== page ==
I am come into my garden, my sister, my spouse: I have gathered my myrrh with my spice; I have eaten my honeycomb with my honey; I have drunk my wine with my milk: eat, O friends; drink, yea, drink abundantly, O beloved.
I sleep, but my heart waketh: it is the voice of my beloved that knocketh, saying, Open to me, my sister, my love, my dove, my undefiled: for my head is filled with dew, and my locks with the drops of the night. I have put off my coat; how shall I put it on? I have washed my feet; how shall I defile them? My beloved put in his hand by the hole of the door, and my bowels were moved for him. I rose up to open to my beloved; and my hands dropped with myrrh, and my fingers with sweet smelling myrrh, upon the handles of the lock. I opened to my beloved; but my beloved had withdrawn himself, and was gone: my soul failed when he spake: I sought him, but I could not find him; I called him, but he gave me no answer. The watchmen that went about the city found me, they smote me, they wounded me; the keepers of the walls took away my veil from me. I charge you, O daughters of Jerusalem, if ye find my beloved, that ye tell him, that I am sick of love.
What is thy beloved more than another beloved, O thou fairest among women? what is thy beloved more than another beloved, that thou dost so charge us?
My beloved is white and ruddy, the chiefest among ten thousand. His head is as the most fine gold, his locks are bushy, and black as a raven. His eyes are as the eyes of doves by the rivers of waters, washed with milk, and fitly set. His cheeks are as a bed of spices, as sweet flowers: his lips like lilies, dropping sweet smelling myrrh. His hands are as gold rings set with the beryl: his belly is as bright ivory overlaid with sapphires. His legs are as pillars of marble, set upon sockets of fine gold: his countenance is as Lebanon, excellent as the cedars. His mouth is most sweet: yea, he is altogether lovely. This is my beloved, and this is my friend, O daughters of Jerusalem.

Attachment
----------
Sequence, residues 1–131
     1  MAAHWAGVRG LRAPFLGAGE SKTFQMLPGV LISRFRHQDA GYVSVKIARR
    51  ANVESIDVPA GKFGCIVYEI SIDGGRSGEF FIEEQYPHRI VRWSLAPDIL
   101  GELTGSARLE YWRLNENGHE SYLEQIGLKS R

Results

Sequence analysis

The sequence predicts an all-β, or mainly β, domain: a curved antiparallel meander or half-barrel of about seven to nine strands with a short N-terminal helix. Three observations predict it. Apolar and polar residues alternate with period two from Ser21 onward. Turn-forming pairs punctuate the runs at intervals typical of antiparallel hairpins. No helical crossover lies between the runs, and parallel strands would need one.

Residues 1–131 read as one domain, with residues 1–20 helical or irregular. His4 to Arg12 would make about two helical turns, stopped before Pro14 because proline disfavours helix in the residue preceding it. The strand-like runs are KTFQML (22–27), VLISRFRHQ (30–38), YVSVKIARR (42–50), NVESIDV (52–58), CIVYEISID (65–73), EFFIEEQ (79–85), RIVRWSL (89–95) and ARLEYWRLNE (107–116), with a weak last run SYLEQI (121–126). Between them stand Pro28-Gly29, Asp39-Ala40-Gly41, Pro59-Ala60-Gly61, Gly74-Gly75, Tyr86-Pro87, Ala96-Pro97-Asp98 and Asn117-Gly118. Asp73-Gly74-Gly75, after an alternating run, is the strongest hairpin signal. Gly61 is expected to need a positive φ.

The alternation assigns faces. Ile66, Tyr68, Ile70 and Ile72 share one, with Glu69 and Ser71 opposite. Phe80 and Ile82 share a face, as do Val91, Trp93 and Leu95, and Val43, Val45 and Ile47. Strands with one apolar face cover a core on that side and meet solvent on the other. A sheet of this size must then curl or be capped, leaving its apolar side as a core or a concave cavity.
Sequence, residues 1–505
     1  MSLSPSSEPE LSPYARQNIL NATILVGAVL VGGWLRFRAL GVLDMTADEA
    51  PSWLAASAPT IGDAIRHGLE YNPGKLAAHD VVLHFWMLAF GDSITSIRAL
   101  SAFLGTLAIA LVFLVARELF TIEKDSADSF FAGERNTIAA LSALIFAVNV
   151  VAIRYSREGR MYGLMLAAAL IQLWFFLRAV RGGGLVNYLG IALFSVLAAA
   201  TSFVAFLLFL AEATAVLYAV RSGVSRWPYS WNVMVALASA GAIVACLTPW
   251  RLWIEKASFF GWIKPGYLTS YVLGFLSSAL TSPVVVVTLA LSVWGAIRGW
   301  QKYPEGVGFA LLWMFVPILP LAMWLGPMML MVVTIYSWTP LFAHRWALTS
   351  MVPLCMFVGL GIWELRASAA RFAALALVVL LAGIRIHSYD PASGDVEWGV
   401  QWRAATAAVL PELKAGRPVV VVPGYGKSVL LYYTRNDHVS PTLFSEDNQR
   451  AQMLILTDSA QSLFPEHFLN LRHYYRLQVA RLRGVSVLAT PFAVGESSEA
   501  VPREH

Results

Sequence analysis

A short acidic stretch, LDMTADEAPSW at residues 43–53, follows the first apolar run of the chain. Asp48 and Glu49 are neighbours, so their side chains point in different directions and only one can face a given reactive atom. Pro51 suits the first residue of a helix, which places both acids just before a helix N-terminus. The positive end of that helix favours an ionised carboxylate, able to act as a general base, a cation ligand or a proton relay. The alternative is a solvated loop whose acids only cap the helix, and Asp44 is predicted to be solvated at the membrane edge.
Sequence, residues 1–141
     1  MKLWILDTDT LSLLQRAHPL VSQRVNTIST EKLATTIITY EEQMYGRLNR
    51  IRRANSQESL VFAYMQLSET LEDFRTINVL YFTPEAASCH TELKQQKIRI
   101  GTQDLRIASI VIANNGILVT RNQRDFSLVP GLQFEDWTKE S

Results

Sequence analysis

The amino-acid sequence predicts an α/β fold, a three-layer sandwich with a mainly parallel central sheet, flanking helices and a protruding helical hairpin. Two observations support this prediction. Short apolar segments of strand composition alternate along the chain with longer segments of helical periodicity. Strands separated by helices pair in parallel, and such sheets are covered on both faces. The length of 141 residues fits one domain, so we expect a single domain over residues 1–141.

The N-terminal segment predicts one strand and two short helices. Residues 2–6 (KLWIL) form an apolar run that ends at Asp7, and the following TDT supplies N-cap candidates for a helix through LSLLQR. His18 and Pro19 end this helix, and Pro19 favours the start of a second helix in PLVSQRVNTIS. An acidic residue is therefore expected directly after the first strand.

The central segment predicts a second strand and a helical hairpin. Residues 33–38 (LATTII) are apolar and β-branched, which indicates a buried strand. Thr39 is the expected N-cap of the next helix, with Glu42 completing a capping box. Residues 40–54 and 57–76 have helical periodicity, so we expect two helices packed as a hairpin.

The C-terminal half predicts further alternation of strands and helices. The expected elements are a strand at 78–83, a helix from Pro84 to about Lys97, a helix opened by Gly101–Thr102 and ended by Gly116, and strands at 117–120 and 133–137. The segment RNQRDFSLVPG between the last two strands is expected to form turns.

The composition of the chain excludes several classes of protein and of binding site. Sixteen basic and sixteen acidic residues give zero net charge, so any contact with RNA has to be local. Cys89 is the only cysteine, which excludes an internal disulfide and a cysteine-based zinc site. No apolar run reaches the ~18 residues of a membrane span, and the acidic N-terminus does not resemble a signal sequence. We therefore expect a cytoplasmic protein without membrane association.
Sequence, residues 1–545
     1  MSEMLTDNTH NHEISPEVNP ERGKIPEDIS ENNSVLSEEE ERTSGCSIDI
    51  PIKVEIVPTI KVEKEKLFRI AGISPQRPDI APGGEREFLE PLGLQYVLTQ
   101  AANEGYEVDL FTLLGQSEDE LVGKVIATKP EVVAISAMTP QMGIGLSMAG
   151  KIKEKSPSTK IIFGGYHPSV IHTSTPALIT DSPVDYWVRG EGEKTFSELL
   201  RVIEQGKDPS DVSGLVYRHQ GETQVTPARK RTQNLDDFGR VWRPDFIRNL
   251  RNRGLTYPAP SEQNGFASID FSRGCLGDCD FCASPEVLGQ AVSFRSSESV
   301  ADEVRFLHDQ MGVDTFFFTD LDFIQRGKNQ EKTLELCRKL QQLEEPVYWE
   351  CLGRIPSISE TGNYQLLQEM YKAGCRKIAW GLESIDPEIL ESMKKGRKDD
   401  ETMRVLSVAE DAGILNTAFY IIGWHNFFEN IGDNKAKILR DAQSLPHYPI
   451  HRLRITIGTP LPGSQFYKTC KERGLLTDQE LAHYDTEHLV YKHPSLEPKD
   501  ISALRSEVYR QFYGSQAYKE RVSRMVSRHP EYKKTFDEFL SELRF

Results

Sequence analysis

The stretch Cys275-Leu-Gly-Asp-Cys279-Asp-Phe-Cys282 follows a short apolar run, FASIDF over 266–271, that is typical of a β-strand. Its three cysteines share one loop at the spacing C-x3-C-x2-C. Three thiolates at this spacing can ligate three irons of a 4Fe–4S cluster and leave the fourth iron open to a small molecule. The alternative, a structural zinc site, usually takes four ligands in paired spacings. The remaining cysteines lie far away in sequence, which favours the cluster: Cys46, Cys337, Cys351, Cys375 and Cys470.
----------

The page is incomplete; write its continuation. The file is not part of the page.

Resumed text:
Whither is thy beloved gone, O thou fairest among women? whither is thy beloved turned aside? that we may seek him with thee.
My beloved is gone down into his garden, to the beds of spices, to feed in the gardens, and to gather lilies. I am my beloved’s, and my beloved is mine: he feedeth among the lilies.
Thou art beautiful, O my love, as Tirzah, comely as Jerusalem, terrible as an army with banners. Turn away thine eyes from me, for they have overcome me: thy hair is as a flock of goats that appear from Gilead. Thy teeth are as a flock of sheep which go up from the washing, whereof every one beareth twins, and there is not one barren among them. As a piece of a pomegranate are thy temples within thy locks. There are threescore queens, and fourscore concubines, and virgins without number. My dove, my undefiled is but one; she is the only one of her mother, she is the choice one of her that bare her. The daughters saw her, and blessed her; yea, the queens and the concubines, and they praised her.
Who is she that looketh forth as the morning, fair as the moon, clear as the sun, and terrible as an army with banners?
I went down into the garden of nuts to see the fruits of the valley, and to see whether the vine flourished, and the pomegranates budded. Or ever I was aware, my soul made me like the chariots of Amminadib.
Return, return, O Shulamite; return, return, that we may look upon thee. What will ye see in the Shulamite? As it were the company of two armies.